complement integer ﬁxed-point number can be expressed in terms of its

−1

bits {bi }N

i=0 as

N −2

x = −b0 · 2N −1 + bi · 2N −1−i , bi ∈ {0, 1} (4.1)

i=1

x = [b0 b1 · · · bN −1 ]

is computed correctly using this formula. As an example, the numer 3 is

expressed as

3 = [011] = −0 · 4 + 1 · 2 + 1 · 1

while the number -3 is expressed as

−3 = [101] = −1 · 4 + 0 · 2 + 1 · 1

and so on.

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Page 58 4.3. LINEAR NUMBER SYSTEMS FOR DIGITAL AUDIO

“sign bit”. If b0 is “on”, the number is negative. If it is “oﬀ”, the number

is either zero or positive.

The least-signiﬁcant bit is bN −1 . “Turning on” that bit adds 1 to the

number, and there are no fractions allowed.

The largest positive number is when all bits are on except b0 , in which

case x = 2N −1 −1. The largest (in magnitude) negative number is 10 · · · 0,

i.e., b0 = 1 and bi = 0 for all i > 0. Table 4.5 shows some of the most

common cases.

N xmin xmax

8 -128 127

16 -32768 32767

24 -8,388,608 8,388,607

32 -2,147,483,648 2,147,483,647

In “DSP chips” (microprocessors explicitly designed for digital signal pro-

cessing applications), the most commonly used ﬁxed-point format is frac-

tional ﬁxed point, also in two’s complement.

Quite simply, fractional ﬁxed-point numbers are obtained from integer

ﬁxed-point numbers by dividing them by 2N −1 . Thus, the only diﬀerence

is a scaling of the assigned numbers. In the N = 3 case, we have the

correspondences shown in Table 4.6.

Armed with the above knowledge, we can visit the question “how many

bits are enough” for digital audio. Since the threshold of hearing is around

0 db SPL, the “threshold of pain” is around 120 dB SPL, and each bit in

a linear PCM format is worth about 6 dB of dynamic range, we ﬁnd that

we need 120/6 = 20 bits to represent the full dynamic range of audio in

a linear ﬁxed-point format. This is a simplestic analysis because it is not

quite right to equate the least-signiﬁcant bit with the threshold of hearing;

instead, we would like to adjust the quantization noise ﬂoor to just below

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Binary Decimal

000 0 (0/4)

001 0.25 (1/4)

010 0.5 (2/4)

011 0.75 (3/4)

100 -1 (-4/4)

101 -0.75 (-3/4)

110 -0.5 (-2/4)

111 -0.25 (-1/4)

we would also prefer a shaped quantization noise ﬂoor (a feat that can be

accomplished using ﬁltered error feedback 10 Nevertheless, the simplistic

result gives an answer similar to the more careful analysis, and 20 bits

is a good number. However, this still does not provide for headroom

needed in a digital recording scenario. We also need both headroom and

guard bits on the lower end when we plan to carry out a lot of signal

processing operations, especially digital ﬁltering. As an example, a 1024-

point FFT (Fast Fourier Transform) can give amplitudes 1024 times the

input amplitude (such as in the case of a constant “dc” input signal),

thus requiring 10 headroom bits. In general, 24 ﬁxed-point bits are pretty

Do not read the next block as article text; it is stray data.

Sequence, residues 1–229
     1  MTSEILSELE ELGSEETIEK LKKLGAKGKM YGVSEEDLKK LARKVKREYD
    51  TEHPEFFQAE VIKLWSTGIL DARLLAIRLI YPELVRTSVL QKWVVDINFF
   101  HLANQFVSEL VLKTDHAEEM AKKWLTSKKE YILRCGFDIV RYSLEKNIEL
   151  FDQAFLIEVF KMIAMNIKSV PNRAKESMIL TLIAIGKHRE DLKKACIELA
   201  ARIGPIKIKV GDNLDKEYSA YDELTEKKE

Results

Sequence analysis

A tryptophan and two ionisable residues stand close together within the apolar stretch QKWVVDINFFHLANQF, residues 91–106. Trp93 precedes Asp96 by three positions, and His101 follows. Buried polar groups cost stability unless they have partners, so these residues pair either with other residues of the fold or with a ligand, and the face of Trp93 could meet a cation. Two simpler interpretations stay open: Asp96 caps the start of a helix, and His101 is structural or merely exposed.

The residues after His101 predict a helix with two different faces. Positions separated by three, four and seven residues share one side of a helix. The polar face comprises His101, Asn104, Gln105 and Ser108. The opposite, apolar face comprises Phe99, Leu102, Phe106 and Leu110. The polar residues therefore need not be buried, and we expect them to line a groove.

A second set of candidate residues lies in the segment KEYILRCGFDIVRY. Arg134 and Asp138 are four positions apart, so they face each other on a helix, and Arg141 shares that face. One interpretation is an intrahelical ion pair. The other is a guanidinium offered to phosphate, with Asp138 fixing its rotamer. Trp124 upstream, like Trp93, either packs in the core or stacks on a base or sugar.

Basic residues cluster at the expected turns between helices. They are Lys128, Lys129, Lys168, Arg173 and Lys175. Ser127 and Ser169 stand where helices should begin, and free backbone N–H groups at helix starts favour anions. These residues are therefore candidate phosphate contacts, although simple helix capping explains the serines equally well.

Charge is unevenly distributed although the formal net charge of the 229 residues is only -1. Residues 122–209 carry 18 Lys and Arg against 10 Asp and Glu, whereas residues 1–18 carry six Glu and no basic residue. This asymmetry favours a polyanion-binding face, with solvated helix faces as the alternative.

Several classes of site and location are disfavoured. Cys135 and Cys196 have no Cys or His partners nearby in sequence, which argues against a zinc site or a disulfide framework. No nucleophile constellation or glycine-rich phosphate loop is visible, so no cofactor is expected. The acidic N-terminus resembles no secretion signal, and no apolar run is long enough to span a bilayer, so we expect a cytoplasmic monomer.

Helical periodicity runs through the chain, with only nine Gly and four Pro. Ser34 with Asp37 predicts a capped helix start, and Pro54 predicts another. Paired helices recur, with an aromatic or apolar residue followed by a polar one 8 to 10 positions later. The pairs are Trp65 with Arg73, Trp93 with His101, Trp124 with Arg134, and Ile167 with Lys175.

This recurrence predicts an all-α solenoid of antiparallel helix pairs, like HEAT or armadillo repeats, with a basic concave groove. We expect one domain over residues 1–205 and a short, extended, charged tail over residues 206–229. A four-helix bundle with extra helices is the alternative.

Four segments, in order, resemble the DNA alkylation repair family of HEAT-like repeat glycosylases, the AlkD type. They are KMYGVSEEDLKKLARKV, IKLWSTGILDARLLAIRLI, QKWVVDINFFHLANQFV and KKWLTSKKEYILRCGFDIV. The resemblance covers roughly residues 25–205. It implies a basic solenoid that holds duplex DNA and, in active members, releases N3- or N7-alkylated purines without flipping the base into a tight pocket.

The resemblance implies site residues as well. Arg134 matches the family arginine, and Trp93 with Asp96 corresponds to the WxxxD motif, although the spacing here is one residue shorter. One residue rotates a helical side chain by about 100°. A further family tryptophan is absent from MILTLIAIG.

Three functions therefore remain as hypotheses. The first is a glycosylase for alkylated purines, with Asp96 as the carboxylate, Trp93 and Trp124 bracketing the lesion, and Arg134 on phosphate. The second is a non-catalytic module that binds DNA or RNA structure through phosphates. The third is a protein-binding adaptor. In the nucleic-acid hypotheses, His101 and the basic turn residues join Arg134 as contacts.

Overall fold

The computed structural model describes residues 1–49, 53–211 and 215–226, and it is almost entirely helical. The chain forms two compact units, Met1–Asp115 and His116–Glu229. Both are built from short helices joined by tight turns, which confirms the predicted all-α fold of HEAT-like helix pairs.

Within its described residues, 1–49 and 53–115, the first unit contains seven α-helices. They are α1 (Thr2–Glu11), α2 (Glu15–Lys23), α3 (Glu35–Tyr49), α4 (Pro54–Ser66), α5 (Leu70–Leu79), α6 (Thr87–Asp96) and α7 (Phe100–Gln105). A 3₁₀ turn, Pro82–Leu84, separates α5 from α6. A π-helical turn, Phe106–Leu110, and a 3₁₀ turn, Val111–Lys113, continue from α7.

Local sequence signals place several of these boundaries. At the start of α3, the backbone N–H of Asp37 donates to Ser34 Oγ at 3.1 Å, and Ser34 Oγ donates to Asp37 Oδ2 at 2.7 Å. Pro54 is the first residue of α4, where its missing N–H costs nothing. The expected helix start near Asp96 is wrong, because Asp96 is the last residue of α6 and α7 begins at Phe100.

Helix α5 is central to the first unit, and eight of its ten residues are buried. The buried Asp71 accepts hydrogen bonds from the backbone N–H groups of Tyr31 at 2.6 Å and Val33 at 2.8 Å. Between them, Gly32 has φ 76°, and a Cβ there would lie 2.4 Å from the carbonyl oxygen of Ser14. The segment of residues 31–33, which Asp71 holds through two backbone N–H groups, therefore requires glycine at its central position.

reasonable to work with, although you still have to scale very carefully,

and 32 bits are preferable.

When moving a soundﬁle from one computer to another, such as from

a “PC” to a “Mac” (Intel processor to Motorola processor), the bytes

in each sound sample have to be swapped. This is because Motorola

processors are big endian (bytes are numbered from most-signiﬁcant to

least-signiﬁcant in a multi-byte word) while Intel processors are little en-

10

Normally, quantization error is computed as e(n) = x(n) − x̂(n), where x(n) is

the signal being quantized, and x̂(n) = Q[x(n)] is the quantized value, obtained by

rounding to the nearest representable amplitude. Filtered error feedback uses instead

the formula x̂(n) = Q[x(n) + L{e(n − 1)}], where L{ } denotes a ﬁltering operation

which “shapes” the quantization noise spectrum. An excellent article on the use of

round-oﬀ error feedback in audio digital ﬁlters is [9].

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Page 60 4.3. LINEAR NUMBER SYSTEMS FOR DIGITAL AUDIO

Any Mac program that supports a soundﬁle format native to PCs (such

as .wav ﬁles) will swap the bytes for you. You only have to worry about

swapping the bytes yourself when reading raw binary soundﬁles from

a foreign computer, or when digging the sound samples out an “unsup-

ported” soundﬁle format yourself.

Since soundﬁles typically contain 16 bit samples (not for any good

reason, as we now know), there are only two bytes in each audio sample.

Let L denote the least-signiﬁcant byte, and M the most-signiﬁcant byte.

Then a 16-bit word is most naturally written [M, L] = M · 256 + L, i.e.,

the most-signiﬁcant byte is most naturally written to the left of the least-

signiﬁcant byte, analogous to the way we write binary or decimal integers.

This “most natural” ordering is used as the byte-address ordering in big-

endian processors:

These orderings are preserved when the sound data are written to a disk

ﬁle.

Since a byte (eight bits) is the smallest addressable unit in modern day

processor families, we don’t have to additionally worry about reversing

the bits in each byte. Bits are not given explicit “addresses” in memory.

They are extracted by means other than simple addressing (such as mask-

ing and shifting operations, table look-up, or using specialized processor

instructions).

Table 4.7 lists popular present-day processors and their “endianness”:12

When compiling C or C++ programs under UNIX, there may be a

BYTE ORDER macro in endian.h or bytesex.h. In other cases, there may

be a deﬁned macro INTEL , LITTLE ENDIAN , BIG ENDIAN ,